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Economic bounce-back to continue but shocks possible - European Commission

Published 05/11/2015

Last month saw an annual drop of 37,836 in the numbers claiming jobseeker benefits
Last month saw an annual drop of 37,836 in the numbers claiming jobseeker benefits

Ireland's economic bounce-back will continue but future "shocks" cannot be ruled out because of massive household, business and government debts, Brussels has predicted.

In its latest economic forecast, the European Commission said the Irish economy is outperforming all other countries and set for more strong growth over the coming years.

Unemployment is also expected to continue sliding until at least 2017.

"Following an estimated 6% growth in Ireland for 2015, the Commission predicts continued strong growth, albeit at the slower pace of 4.5% in 2016 and 3.5% in 2017," an EC spokeswoman said.

"This is in marked contrast to most other EU States, with only Romania coming close to predicted growth rates for Ireland."

Furthermore, it predicted a continuing drop in joblessness, down from 9.5% of the workforce this year to just less than 8% by 2017.

"Ireland differs from the other EU countries which experienced a severe economic crisis in recent years," the spokeswoman added.

"Spain, Greece, Cyprus, Italy, Portugal are forecast to have much higher unemployment than Ireland.

"Over the next two years, this trend is forecast to continue as Ireland is to have lower unemployment than an increasingly large number of other Member States."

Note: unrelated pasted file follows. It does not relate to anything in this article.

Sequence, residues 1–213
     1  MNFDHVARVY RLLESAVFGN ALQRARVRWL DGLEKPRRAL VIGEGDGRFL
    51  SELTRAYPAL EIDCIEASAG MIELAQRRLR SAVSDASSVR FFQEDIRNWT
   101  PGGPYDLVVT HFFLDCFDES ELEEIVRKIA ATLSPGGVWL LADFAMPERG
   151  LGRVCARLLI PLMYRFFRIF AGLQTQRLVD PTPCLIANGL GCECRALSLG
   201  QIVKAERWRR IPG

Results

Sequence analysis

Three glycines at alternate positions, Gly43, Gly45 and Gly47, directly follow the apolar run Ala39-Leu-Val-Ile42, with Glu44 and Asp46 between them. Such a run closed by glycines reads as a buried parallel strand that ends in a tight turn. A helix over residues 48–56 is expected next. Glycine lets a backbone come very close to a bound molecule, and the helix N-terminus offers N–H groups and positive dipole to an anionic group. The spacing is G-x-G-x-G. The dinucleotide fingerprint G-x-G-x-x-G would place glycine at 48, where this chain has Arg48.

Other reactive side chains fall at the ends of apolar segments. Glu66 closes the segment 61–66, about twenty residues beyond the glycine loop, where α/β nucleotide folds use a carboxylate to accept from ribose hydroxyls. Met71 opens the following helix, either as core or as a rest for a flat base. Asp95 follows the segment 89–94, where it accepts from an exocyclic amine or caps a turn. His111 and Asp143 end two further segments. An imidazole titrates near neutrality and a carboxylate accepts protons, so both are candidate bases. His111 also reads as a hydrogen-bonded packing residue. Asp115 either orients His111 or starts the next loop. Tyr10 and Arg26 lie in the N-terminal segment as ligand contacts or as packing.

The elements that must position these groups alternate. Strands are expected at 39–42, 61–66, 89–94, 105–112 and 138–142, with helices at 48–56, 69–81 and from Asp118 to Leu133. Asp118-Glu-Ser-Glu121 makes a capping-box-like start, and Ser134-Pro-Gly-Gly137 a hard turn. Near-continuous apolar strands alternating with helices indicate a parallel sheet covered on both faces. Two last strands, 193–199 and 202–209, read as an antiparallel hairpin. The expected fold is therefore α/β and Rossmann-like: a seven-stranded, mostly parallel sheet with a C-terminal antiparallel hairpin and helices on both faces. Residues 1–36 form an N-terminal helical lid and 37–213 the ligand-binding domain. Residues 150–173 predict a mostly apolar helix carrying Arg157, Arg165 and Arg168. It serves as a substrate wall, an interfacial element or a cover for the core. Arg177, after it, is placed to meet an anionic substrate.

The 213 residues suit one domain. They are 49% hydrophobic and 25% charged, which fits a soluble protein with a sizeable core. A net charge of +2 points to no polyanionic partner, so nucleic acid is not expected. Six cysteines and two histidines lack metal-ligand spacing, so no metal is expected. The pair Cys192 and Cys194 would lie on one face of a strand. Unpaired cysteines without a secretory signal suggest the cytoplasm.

Ireland's recovery appears to be "resilient" in the face of a weaker worldwide recovery, the EC said.

But it warned both private and public debts remain high, leaving the country vulnerable to "potential shocks" or interest rate increases.

Almost 321,000 people are now signing on the dole, latest figures from the Central Statistics Office show.

Last month saw an annual drop of 37,836 - or just over 10% - in the numbers claiming jobseeker benefits.

When the figures are adjusted to take into account seasonal factors, there were 332,200 people signing on.

Nearly four times as many men (3,500) than women (900) came off benefits between September and October.

On a yearly basis, men claiming jobseeker allowances dropped by almost 13% (28,105) compared to a 7% (9,731) decrease in woman claimants over the same period.

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